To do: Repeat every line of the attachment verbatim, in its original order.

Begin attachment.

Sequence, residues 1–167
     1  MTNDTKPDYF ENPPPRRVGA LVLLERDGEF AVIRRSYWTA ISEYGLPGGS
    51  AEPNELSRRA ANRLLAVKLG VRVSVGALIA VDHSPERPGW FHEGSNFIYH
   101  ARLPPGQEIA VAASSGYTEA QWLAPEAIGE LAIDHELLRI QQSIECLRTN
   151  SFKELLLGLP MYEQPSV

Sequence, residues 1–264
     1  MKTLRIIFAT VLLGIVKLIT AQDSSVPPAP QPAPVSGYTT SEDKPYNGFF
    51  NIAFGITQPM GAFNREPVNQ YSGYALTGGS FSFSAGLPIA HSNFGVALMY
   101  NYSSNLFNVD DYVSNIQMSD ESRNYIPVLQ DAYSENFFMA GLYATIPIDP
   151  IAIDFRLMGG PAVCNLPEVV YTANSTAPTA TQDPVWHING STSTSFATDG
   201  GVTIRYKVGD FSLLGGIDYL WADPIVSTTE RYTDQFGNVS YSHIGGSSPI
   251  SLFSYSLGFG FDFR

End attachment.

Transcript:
Sequence, residues 1–167
     1  MTNDTKPDYF ENPPPRRVGA LVLLERDGEF AVIRRSYWTA ISEYGLPGGS
    51  AEPNELSRRA ANRLLAVKLG VRVSVGALIA VDHSPERPGW FHEGSNFIYH
   101  ARLPPGQEIA VAASSGYTEA QWLAPEAIGE LAIDHELLRI QQSIECLRTN
   151  SFKELLLGLP MYEQPSV

Sequence, residues 1–264
     1  MKTLRIIFAT VLLGIVKLIT AQDSSVPPAP QPAPVSGYTT SEDKPYNGFF
    51  NIAFGITQPM GAFNREPVNQ YSGYALTGGS FSFSAGLPIA HSNFGVALMY
   101  NYSSNLFNVD DYVSNIQMSD ESRNYIPVLQ DAYSENFFMA GLYATIPIDP
   151  IAIDFRLMGG PAVCNLPEVV YTANSTAPTA TQDPVWHING STSTSFATDG
   201  GVTIRYKVGD FSLLGGIDYL WADPIVSTTE RYTDQFGNVS YSHIGGSSPI
   251  SLFSYSLGFG FDFR